Thursday, 29 March 2018

Absolutely buzzing.

I did the thing. I had my head shaved. I now have a very fuzzy, freshly buzzed situation atop my perfectly shaped skull. My scar is 100% visible, and I am now seeing it in full after years of just seeing little fragments of it that would reveal themselves when I brushed my hair, or put Bio Oil on the little line of pink that used to protrude alongside my ear. There's no hiding it now. 


(Photo: Erin Veness)


It was an unusual Friday. I was extra aware of my hair all day. Every time I moved, I'd feel it; sliding down my neck and under my coat collar, tangling in my rings when I ran my fingers through it, flying across my face in the slightest breeze. The night before I was waking every time I rolled over in bed, my hair pulling across the pillow.

I made sure I enjoyed washing it for the last time. I took time soaping it up with shampoo, ran my fingers through it when I smoothed on the conditioner, and stood for a few seconds longer under the shower, my head tilted back and eyes closed, as it all rinsed off.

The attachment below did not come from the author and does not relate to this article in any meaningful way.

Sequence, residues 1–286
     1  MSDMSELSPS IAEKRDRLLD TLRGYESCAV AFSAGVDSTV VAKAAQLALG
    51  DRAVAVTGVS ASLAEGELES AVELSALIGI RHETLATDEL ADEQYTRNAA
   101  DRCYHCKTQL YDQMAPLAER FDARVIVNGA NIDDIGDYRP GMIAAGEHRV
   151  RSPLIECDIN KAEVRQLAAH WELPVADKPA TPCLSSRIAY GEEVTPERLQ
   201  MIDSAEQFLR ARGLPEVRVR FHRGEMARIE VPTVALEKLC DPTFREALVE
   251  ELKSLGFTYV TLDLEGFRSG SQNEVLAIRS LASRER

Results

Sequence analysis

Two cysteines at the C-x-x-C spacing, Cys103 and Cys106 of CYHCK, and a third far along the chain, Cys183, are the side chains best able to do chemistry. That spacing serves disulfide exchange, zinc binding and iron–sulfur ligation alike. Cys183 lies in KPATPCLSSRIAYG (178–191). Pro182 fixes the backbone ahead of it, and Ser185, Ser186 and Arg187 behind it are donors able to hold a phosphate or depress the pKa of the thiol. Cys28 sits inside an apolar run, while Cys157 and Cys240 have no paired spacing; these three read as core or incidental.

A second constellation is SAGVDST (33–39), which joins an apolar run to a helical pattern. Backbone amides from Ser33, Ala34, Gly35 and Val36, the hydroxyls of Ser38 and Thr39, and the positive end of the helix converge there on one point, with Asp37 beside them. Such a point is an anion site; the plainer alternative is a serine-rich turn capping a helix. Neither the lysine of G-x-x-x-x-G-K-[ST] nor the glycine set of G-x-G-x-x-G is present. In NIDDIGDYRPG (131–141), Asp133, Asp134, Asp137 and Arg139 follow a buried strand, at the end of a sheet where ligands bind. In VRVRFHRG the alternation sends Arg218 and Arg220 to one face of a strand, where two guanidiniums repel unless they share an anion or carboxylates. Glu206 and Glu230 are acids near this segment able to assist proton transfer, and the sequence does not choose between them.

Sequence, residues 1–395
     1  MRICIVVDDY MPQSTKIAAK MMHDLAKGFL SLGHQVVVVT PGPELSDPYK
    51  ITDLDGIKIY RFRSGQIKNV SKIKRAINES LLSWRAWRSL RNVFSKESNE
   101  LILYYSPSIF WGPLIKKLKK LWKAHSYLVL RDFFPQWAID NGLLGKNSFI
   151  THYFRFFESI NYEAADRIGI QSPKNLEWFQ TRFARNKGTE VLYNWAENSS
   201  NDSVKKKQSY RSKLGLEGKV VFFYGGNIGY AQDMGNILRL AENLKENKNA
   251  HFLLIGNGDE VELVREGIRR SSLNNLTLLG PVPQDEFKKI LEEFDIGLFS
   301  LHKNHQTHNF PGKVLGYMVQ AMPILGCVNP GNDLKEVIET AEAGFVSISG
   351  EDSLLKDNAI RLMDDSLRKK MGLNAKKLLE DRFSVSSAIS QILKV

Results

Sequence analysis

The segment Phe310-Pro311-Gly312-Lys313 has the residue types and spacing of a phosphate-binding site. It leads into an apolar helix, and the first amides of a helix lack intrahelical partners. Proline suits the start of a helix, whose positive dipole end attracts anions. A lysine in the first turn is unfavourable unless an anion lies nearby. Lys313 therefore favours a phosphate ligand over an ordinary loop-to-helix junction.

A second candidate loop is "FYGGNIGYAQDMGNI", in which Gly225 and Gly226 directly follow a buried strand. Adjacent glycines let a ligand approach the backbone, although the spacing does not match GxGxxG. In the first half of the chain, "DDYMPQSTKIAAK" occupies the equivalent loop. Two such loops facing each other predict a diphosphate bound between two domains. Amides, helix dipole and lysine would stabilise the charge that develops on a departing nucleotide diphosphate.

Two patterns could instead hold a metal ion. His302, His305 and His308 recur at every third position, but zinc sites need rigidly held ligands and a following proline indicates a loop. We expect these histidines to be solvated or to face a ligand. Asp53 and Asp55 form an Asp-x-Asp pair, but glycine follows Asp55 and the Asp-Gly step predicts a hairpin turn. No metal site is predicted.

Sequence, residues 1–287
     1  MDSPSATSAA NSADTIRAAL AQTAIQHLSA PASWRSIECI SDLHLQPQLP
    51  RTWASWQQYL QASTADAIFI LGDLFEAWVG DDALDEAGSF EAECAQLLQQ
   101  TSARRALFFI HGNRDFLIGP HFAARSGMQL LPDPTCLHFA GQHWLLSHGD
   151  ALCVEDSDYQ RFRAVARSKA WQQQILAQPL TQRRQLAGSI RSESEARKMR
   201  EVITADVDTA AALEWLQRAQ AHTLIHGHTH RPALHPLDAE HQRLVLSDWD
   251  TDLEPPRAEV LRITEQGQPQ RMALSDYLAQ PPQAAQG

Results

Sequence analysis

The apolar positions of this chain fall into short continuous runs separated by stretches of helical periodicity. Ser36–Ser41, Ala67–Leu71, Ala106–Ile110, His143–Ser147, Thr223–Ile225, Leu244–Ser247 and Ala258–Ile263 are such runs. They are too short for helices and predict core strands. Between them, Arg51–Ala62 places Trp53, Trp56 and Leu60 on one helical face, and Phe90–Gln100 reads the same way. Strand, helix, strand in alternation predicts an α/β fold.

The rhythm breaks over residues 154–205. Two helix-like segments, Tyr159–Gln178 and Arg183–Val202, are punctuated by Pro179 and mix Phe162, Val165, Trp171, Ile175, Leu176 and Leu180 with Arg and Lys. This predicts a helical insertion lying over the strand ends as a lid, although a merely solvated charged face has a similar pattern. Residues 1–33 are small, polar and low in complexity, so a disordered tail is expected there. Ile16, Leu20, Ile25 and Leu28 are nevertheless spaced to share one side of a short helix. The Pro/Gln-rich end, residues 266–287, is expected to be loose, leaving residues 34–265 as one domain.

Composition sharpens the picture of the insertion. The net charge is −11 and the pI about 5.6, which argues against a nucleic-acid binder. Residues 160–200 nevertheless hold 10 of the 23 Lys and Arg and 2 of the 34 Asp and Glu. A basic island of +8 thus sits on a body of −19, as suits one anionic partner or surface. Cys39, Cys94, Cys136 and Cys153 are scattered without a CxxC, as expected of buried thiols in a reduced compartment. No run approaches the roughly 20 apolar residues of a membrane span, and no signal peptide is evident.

The party happened in the wonderful Cake Room, Hastings, who were so helpful and such lovely hosts. As my friends cut chunks of my hair off, I sipped my perfect lemon and whisky cocktail quite calmly. I made jokes and encouraged guests; 'come on, you know you want to! You haven't had a go yet!' Precious little Lila excitedly grabbed the scissors and chopped a chunk off - she gave it back to me, politely saying 'no thank you' when I told her she could keep it if she wanted. The shaving was about to commence when I realised nobody had cut off my fringe - I yelled 'WAIT! Someone has to chop off my fringe! I've always had a fringe, its removal is the biggest deal surely?!' And luckily the gorgeous Madame Stargazy (aka Amanda) jumped in and dealt with that! 



(Photo: Erin Veness)